Dissecting rock scallops

Scientific research, especially with live animals, is inherently high-risk. It turns out it’s really hard to care for a species you know almost nothing about, let alone get them healthy and happy enough to spawn. Very little is published on the Purple-hinged rock scallop, Crassadoma gigantea, and folks are just now developing methods for commercial production. Although my research team had good reasons to believe we would be able to spawn our animals for a larval common garden experiment with a low pH treatment, it never really happened. Sometimes one population would spawn, but others wouldn’t. Sometimes a few would spawn on a Friday afternoon when everyone had left the hatchery. But alas, they never spawned the way we needed them to and we finally cut our losses this summer. A year of of my PhD preparing for an experiment ended without any data. But out of the flames came a tiny, beautiful phoenix…

Crassadoma gigantea, photo from soundwaterstewards.org

We decided to use the adult scallops we’ve kept alive to do a similar experiment. I have four populations of scallops, one from Alaska, one from California, and two from Washington, and I split them between ambient pH and low pH treatments, with four replicate tubs each.


This week, we dissected some at Time Zero, before the low pH treatment was turned on, and then at Time One, after half of the animals were exposed to low pH for 48 hours to look at the physiological response to short-term exposure to low pH. In about 6 weeks, we’ll sample them one last time at Time Two, for long-term exposure. Hopefully we’ll be able to make population comparisons. But at the very least, we’ll get some insight into the species’ physiology and what might be coming with ocean acidification.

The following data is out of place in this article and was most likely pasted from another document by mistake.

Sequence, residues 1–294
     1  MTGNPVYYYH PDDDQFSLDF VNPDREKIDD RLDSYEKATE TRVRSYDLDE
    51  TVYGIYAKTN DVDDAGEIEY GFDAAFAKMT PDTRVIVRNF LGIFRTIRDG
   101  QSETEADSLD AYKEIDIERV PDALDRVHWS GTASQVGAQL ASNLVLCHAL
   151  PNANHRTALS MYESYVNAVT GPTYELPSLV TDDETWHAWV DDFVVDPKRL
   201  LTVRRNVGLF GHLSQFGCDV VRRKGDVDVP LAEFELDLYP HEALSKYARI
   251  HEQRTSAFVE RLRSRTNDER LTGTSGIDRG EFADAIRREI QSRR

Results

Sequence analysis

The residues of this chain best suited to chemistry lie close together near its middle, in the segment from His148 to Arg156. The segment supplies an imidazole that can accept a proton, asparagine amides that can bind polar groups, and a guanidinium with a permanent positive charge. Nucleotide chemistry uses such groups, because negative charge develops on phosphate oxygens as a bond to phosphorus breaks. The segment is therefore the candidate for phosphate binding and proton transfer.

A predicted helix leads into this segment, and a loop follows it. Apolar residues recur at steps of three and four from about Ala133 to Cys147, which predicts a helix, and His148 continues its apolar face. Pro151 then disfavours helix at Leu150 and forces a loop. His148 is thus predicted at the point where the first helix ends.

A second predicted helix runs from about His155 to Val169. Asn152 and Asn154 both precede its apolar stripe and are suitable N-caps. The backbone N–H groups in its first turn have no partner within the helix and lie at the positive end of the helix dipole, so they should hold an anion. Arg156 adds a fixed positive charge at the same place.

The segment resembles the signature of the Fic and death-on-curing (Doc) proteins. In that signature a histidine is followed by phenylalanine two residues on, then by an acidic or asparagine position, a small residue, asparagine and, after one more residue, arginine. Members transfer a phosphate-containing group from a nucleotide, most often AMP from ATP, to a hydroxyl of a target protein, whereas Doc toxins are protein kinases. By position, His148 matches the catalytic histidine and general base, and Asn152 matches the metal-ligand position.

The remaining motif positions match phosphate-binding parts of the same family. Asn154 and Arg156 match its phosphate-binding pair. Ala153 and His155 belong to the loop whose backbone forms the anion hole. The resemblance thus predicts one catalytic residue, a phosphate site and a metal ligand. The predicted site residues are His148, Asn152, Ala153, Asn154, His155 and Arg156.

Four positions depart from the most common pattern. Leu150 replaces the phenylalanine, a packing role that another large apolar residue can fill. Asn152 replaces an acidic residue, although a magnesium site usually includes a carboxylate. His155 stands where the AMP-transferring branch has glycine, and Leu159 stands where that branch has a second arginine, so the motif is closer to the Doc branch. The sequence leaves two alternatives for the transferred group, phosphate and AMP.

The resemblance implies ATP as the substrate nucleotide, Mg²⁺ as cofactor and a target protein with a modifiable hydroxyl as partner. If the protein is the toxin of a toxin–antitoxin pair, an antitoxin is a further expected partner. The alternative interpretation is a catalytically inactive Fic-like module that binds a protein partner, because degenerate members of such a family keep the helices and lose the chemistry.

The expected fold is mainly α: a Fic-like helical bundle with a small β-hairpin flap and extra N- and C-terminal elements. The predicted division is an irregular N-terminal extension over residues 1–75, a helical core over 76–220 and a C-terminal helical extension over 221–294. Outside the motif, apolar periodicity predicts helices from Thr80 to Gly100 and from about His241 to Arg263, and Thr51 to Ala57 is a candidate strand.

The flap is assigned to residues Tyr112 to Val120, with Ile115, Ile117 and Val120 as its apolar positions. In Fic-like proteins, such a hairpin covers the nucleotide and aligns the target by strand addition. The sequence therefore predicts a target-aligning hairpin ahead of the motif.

We collected samples for SO many things. First, we sampled five tissue types for RNA and two for proteins to look at RNA and protein expression. Those are the most time-sensitive and needed to be quickly immersed in RNALater or flash-frozen in the first couple of minutes. Then, we sampled other tissue types for lipid analysis, and others for microbial community. We weighed the scallop, took slivers of the gonad for histology, and classified the color of the mantle.


And getting inside these animals is not easy. Fortunately, we had a room full of experienced shellfish shuckers. And a LOT of shucking knives.

Alongside the biological sampling we are sampling seawater chemistry. Our water treatment system that makes low-pH seawater has Durafet pH sensors to manage the pH of the water by adding CO2 to drop the pH to a target. One of the four replicate tubs per treatment also has a Durafet, so that we can ballpark what pH our treatments are at. Then, on a daily basis, we collect discrete seawater samples from all the tubs in each treatment and the water header tanks to measure pH, salinity, and temperature. At the same time, we collect a water sample to measure total alkalinity later in the lab. Altogether, this gives us a clear picture of the carbonate chemistry experienced by the scallops.

Sampling days for most projects are often chaotic and strenuous. Everyone’s frantic and tired, and you have to provide cupcakes and donut holes to keep the calm. Somehow, these sampling days went off without a hitch. I should have known, since I have an amazing team of collaborators and many experienced shellfishy peers that are always ready to volunteer their skills.

And moreover, I had legit good omens from the universe. On our way out to sample at Time Zero, we saw the whole J Pod of resident killer whales right off the beach at the Fauntleroy ferry terminal.


And right after finishing the sampling at Time One, we had 45 minutes to kill at the ferry with Buster the 12-week-old border terrier.


What a rush to finally have samples in the freezer. Now, I just need to monitor the seawater chemistry and make sure the system stays stable until our last sampling day sometime in November. Fingers crossed nothing explodes!


Salish Sea Ecosystem Conference, 2016


Two weeks ago, I attended the Salish Sea Conference in Vancouver, British Columbia, and by the third and final day I was already looking forward to two years from now when I could attend all over again. Sleeping poorly on a firm chaise in a closet of an Air BnB and riding a caffeine roller coaster did not dampen my spirits. I was too stoked from three days of strong native presence, interdisciplinary research, and a wonderful community passionate about our Salish Sea.